Select Committees This Week
SELECT COMMITTEE BUSINESS
2 July 1999 to 9 July 1999
There were 8 committee meetings, all in the parliamentary complex.
Reports presented (7)
· Complaint relating to the New Zealand Food Standard 1996, Amendment No. 11 (I. 16Q)
· Inquiry into instruments deemed to be regulations: An examination of delegated legislation (I.16R)
and Law Reform
· Sale of Liquor Amendment Bill (No. 2) (211-2)
· Petition 1996/1402 of Chantel Louise Hewitt and 16 497 others
· Petition 1996/1567 of Veronica Butler and others
(established pursuant to the Intelligence and Security Committee Act 1996)
· Estimates for 1999/2000 for Vote Security Intelligence
· Estimates for 1999/2000 for Vote Communications Security and Intelligence
Bills referred to select committees
No bills were referred.
(for further information on an item, please contact the committee staff noted in italics)
Commerce (Clare Sullivan, Louise
The committee met twice this week to consider the Commerce (Controlled Goods or Services) Amendment Bill. Next week it will consider the Personal Property Securities Bill.
Education and Science (Graham Hill, Tim
At the next meeting of the committee on 15 July, it will consider all its votes and hear further from the Ministry of Research, Science and Technology on Vote Research, Science and Technology, and the New Zealand Qualifications Authority on alleged organisational and operational problems.
Finance and Expenditure (Nick
Aldous, Ainslie Rayner)
The committee will next meet on Wednesday, 14 July. It will continue to hear evidence from the Minister of Revenue on the 1999/2000 Estimate for Vote Revenue. It will also commence hearing submissions on the Taxation (Annual Rates and Remedial Matters) Bill.
Affairs, Defence and Trade (David Sanders, Lyn Main)
The committee will hear evidence from three witnesses on its Inquiry into the appointment process for the position of director of the Centre for Strategic Studies. The Clerk of the House will also appear on the committee's review of the process adopted in May 1998 for the examination of international treaties.
Government Administration (Alan
Witcombe, Tracey Rayner)
Two items of note are on the committee's agenda for Thursday, 15 July. It will be giving further consideration to the Constitution Amendment Bill. A report from the committee on the bill is due on or before 22 July.
At 11.40 am the committee will commence its examination of Vote State Services. The State Services Commission is scheduled to give evidence on a wide range of issues relating to the Public Service and comment on matters affecting the wider State sector.
Health (David Wilson,
On Wednesday the committee heard twelve submissions on the Health and Disability Services (Safety) Bill. A concern raised by a number of submissioners was the exclusion of day care providers and home health providers from the bill. Age Concern stated that it was extremely concerned about the absence of accountability for services such as home support services and day care services where the provider does not hold contracts with the Health Funding Authority.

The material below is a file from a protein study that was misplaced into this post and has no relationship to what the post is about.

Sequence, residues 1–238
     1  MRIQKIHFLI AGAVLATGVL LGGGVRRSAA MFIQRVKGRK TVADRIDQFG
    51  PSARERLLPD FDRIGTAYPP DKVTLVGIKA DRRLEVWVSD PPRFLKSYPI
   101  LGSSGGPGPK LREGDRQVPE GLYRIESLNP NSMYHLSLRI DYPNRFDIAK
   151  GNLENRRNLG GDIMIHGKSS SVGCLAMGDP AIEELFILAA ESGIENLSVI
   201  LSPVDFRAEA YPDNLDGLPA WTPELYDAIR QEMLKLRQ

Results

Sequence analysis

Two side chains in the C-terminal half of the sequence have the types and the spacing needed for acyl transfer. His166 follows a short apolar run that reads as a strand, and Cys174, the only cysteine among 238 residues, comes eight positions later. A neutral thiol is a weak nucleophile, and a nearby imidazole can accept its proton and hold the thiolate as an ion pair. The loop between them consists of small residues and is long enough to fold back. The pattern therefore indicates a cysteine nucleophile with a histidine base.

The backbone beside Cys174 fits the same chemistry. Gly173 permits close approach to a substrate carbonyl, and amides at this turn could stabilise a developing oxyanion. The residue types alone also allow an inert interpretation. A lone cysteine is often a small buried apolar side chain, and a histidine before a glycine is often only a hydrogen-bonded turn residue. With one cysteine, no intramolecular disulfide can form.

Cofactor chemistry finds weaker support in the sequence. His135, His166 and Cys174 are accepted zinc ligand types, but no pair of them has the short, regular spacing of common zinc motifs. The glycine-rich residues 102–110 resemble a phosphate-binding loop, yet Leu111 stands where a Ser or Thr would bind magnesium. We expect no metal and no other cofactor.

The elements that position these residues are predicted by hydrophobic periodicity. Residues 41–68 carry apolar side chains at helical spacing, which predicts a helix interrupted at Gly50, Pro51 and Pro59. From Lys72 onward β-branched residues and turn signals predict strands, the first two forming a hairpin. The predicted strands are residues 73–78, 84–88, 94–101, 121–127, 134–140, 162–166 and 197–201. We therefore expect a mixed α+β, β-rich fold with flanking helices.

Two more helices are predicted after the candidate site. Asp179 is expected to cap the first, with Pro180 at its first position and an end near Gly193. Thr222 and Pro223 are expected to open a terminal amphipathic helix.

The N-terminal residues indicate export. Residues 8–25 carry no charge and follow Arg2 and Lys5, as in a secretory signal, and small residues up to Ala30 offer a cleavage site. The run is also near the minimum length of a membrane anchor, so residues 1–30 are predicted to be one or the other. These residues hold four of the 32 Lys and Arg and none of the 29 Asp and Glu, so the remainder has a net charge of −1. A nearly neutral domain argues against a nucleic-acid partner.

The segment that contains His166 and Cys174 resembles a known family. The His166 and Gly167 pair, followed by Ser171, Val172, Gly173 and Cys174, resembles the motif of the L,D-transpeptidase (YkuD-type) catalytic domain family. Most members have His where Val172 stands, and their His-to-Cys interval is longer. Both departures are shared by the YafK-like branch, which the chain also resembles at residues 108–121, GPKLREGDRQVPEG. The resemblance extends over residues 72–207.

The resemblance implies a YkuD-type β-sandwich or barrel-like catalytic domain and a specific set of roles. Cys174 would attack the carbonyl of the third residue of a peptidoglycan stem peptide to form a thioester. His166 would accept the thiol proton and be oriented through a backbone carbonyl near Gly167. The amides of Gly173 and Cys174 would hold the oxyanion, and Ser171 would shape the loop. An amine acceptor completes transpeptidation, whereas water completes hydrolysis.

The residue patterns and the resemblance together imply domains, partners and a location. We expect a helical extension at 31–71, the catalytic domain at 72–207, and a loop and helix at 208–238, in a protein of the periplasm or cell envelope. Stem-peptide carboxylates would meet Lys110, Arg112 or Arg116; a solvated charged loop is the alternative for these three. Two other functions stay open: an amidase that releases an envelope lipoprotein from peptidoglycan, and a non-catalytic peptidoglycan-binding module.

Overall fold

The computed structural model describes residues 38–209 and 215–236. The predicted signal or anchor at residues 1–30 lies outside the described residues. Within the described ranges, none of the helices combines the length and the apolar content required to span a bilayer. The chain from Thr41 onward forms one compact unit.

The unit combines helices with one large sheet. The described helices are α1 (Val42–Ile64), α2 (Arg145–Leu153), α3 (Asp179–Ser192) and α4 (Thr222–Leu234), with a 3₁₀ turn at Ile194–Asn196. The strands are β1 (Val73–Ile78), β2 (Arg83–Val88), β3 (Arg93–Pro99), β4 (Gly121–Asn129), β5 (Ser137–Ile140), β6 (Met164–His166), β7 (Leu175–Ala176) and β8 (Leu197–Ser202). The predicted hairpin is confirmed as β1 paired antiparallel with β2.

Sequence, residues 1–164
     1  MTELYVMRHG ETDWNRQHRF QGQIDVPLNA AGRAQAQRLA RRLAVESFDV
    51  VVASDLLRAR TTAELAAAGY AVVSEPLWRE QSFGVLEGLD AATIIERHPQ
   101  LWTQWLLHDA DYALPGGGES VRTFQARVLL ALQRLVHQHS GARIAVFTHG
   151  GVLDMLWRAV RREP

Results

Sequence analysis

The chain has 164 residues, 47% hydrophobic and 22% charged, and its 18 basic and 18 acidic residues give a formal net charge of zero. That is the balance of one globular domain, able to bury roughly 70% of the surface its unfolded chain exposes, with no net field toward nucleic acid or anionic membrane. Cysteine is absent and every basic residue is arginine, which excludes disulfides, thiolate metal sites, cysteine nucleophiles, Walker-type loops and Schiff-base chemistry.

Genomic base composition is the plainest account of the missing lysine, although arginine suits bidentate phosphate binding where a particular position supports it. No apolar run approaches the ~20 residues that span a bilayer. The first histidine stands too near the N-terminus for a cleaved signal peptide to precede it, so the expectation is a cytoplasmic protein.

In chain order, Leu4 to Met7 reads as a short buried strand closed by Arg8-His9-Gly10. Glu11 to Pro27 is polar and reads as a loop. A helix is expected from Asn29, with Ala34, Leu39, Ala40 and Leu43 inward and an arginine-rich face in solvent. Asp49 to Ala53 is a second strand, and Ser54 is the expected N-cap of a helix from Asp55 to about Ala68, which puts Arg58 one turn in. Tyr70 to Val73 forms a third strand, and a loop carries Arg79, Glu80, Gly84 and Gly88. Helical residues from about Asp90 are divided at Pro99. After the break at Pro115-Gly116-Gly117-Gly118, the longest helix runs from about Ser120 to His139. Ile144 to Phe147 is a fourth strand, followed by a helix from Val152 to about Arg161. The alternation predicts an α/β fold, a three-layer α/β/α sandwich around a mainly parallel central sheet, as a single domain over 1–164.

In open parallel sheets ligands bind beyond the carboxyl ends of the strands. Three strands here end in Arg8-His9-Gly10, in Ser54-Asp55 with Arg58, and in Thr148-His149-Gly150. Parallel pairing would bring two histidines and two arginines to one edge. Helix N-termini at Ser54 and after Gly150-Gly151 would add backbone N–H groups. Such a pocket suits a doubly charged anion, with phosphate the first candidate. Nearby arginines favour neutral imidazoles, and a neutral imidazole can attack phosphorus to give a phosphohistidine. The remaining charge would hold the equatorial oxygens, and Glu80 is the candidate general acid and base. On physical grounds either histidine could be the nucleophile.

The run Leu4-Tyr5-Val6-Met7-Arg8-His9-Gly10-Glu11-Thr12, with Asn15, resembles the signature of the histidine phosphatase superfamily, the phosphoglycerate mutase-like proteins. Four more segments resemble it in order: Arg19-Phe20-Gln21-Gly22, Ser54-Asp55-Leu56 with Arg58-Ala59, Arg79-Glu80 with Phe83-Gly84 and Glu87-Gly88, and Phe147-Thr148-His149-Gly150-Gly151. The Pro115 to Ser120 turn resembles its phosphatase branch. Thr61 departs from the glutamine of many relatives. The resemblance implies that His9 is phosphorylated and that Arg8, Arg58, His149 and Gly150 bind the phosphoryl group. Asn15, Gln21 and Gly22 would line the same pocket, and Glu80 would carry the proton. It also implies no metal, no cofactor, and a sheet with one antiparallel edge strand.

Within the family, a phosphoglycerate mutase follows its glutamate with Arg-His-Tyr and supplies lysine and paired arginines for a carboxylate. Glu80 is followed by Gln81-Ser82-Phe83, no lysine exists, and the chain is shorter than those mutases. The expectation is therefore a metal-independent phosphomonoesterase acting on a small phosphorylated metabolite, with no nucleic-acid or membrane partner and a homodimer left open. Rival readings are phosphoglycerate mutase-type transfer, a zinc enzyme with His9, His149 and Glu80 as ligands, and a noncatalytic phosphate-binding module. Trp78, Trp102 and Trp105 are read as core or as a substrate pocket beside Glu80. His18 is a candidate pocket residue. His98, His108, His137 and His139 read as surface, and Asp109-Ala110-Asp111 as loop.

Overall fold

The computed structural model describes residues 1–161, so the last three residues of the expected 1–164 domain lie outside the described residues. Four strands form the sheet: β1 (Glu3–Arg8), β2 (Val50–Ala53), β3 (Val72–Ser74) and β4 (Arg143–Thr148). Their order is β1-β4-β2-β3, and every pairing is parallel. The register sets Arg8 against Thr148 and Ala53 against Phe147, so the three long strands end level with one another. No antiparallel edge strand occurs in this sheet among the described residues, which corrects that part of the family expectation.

Next week the committee will complete its hearing of evidence on the Health and Disability Services (Safety) Bill; hearings will be open to the public from 10.30 am to 1.00 pm.
Affairs and Local Government (Kia Paranihi, Fiona
The committee expects to deal with the Inquiry into the early processing of voting papers at the 1998 local body elections again immediately after it completes its examination of 1999/2000 Estimates.
Next week the committee will hear from the South Taranaki District Council on its bill, the South Taranaki District Council (Egmont Electricity Limited Sale Proceeds) Bill and the New Plymouth District Council on its bill, the New Plymouth Recreation and Racecourse Reserve Bill.
The Napier Borough Endowments Amendment Bill will also be considered by the committee next week.
Submissions are being invited on the Hawke's Bay Regional Council (Surplus Funds Distribution) Empowering Bill, with a closing date of 13 August 1999.
Justice and Law Reform (Jayne Wallis, Tracey
The committee presented its final report on the Sale of Liquor Amendment Bill (No.2) on Monday. In its report the committee set out options in relation to the major 'conscience type' issues for the House to consider. The options are ranked from the least restrictive to the most restrictive. The committee recommends that the House consider and vote on these options during the committee of the whole House prior to the usual clause by clause consideration.
The committee also makes recommendations on three issues and sets out its consideration of two other issues. In addition there are a number of issues that were not considered. It is explained in the committee's report that consideration of the bill was complicated by a large number of linkages that exist between issues. As a result consideration of a number of issues was not feasible because, without knowing how the House would vote on the major issues, 'an unrealistic number of permutations would need to be taken into account'. Furthermore the committee is aware that 'conscience type' issues are never dealt with easily in the committee of the whole House. 'The complex nature of the bill serves to augment [the committee's] concern that consideration at a later stage will be confusing unless an innovative approach is taken.'
Affairs (Jamesa Marino-Fritzsch, Denise Te Karu)
On Thursday, the committee will consider Vote M_ori Affairs.
Primary Production (Bob Bunch)
On Thursday, the committee heard evidence on the Farm Debt Mediation Bill, a Member's bill in the name of R Doug Woolerton. Three submissions were heard, with two of them being one organisation with opposing views. The Northland Branch of Federated Farmers supported the bill, while the National Office of Federated Farmers opposed the bill, as did the New Zealand Bankers Association. The committee will further consider the bill at a later date.